It involves a small biopsy of cells from what would become the placenta in each embryo. The samples are then sent to a lab, where they’re analyzed for a variety of chromosomal and genetic defects.

“What came back three weeks later,” Nielsen said, “freakin’ blows my mind.”

Of the eight embryos they had analyzed, all but one had chromosomal problems that would have either resulted in a failed implantation, a miscarriage or a baby with Down Syndrome.

The test saved them potentially multiple rounds of “heartbreak.”

Nielsen got emotional when she spoke about the day that “one genetically perfect embryo” was transferred.

“This is the magical part for me,” she said before taking a big breath.

“They put you on the gurney and wheel all the equipment into this room. There’s an incubator and on top of it there’s a flat screen TV.”

As she held her husband’s hand, an image of the embryo they were about to put inside her was put on the screen.

“I may have just seen the first picture of my daughter and she hasn’t been born yet,” she recalls thinking.

An ultrasound of Baby Margaret


Nine months later, her beautiful baby Margaret was born healthy, happy and “chatty.”

Nielsen says the past 14 months with her now “super funny” toddler made the emotional roller-coaster and huge financial cost all worth it.

“The crazy part? I want to do it again,” Nielsen said.

“Don’t tell my husband.”

WATCH: Mother shares her advice to couples who are just about to start fertility treatments

The infographic below takes a closer look at the most common fertility treatments,  which can either be used alone (like tablets) or in conjunction with other treatments.

Dunne explains the most common treatment combinations in the video at the top of the story.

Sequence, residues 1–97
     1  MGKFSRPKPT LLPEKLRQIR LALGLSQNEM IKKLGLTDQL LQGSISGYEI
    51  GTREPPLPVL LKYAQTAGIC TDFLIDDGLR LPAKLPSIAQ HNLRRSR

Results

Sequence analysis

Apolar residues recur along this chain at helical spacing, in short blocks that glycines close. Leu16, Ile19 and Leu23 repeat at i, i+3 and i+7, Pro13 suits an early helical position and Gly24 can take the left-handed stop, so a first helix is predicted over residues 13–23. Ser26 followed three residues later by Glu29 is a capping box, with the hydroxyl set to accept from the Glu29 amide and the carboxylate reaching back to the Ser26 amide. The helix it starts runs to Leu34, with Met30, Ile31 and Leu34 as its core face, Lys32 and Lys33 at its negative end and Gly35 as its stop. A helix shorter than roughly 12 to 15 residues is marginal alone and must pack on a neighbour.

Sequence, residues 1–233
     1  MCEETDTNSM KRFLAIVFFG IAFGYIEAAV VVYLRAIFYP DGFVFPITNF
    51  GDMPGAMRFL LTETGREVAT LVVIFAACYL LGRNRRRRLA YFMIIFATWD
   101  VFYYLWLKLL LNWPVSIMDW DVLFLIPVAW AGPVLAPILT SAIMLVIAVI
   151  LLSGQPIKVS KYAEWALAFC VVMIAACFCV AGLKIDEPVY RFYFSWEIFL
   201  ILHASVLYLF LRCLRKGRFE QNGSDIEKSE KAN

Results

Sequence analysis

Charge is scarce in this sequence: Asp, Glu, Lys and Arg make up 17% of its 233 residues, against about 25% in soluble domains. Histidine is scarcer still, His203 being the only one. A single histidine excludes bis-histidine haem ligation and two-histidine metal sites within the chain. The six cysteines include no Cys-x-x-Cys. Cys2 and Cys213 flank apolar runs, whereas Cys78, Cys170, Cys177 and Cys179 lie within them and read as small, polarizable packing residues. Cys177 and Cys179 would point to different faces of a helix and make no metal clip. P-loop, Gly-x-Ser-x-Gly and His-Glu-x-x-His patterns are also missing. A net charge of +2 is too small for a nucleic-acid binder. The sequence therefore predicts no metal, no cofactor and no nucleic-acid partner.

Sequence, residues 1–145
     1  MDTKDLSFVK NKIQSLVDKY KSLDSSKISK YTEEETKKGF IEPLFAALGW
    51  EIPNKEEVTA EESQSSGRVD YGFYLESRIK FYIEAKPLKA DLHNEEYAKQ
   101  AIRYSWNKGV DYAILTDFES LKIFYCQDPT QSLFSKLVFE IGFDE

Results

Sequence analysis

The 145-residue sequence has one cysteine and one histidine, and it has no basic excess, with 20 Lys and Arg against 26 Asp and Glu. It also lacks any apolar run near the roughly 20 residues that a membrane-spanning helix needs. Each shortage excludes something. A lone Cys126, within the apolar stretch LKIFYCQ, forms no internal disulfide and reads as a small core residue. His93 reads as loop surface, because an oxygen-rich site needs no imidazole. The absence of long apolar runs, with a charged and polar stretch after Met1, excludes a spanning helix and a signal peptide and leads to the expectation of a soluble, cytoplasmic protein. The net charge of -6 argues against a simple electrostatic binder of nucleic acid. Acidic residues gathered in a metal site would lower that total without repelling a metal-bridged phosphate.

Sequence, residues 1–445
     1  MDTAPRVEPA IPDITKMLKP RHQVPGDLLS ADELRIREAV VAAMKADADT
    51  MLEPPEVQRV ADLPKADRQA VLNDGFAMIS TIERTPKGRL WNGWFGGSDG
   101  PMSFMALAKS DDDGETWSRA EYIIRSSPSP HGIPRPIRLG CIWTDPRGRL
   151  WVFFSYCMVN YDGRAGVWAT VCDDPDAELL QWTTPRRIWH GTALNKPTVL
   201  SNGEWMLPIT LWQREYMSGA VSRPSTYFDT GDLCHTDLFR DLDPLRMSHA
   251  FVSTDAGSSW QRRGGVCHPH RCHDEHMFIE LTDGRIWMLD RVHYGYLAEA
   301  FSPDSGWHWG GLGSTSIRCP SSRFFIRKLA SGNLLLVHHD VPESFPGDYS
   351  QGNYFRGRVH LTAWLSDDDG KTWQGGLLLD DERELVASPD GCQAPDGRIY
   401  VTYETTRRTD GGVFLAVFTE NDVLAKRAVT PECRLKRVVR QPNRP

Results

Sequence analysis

Infographic by Deepak Sharma, Global News

READ MORE: How fertility coverage varies across Canada 

Follow @TrishKozicka


  • Surrogacy in Canada: What you need to know

  • 3 birth moms and 2 parents: how open adoption worked for an Alberta family

  • Everything men and women should know about fertility testing

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Prince Harry and Rihanna take HIV tests in Barbados for World AIDS Day

Prince Harry and Rihanna have joined forces to promote the ongoing need for action in the fight against HIV/AIDS.

In light of World AIDS Day, the 32-year-old red-headed royal and 28-year-old pop star took finger prick tests at the Man Aware event in Bridgetown, Barbados, where they both tested negative. “You made it seem like it hurts,” Rihanna said to Prince Harry. “It’s not as painful as you said this morning.”

READ MORE: Prince Harry And Rihanna celebrate Barbados’ 50th Anniversary Of Independence with concert and fireworks

This marks the second time in five months that the young royal has taken a test in public to lessen the stigma surrounding the disease. Back in July, Prince Harry shared a video to the British Royal Family’s official Facebook page getting an HIV blood test.

As part of his 15-day royal tour of the Caribbean, which will wrap in Guyana this weekend, Prince Harry also attended an annual Toast the Nation event in the Barbados capital in celebration of the country’s 50 years of independence, which Rihanna attended.

READ MORE: Prince Harry meets Rihanna as Barbados celebrates 50 Years Of Independence

During the event, the prince read a message on behalf of his grandmother, Queen Elizabeth II, which paid tribute to the people of Barbados: “Prince Philip and I send our warmest wishes to the Government and the people of Barbados. On this day of celebration, I send my congratulations to you on your Golden Jubilee of Independence.”

Prince Harry and Rihanna later shared the stage at a concert Wednesday evening on the Kensington Oval cricket grounds, where Rihanna sang the Barbados national anthem and Prince Harry gave a welcome speech in front of a crowd of approximately 20,000.

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11,500 Alberta open-heart surgery patients potentially exposed to bacteria

Approximately 11,500 former open-heart surgery patients may have been exposed to bacteria during their procedure, according to Alberta Health Services.

AHS is notifying former patients after the Federal Drug Administration, Center for Disease Control and Health Canada reported a potential risk for Mycobacterium chimaera infection with certain heater-cooler units.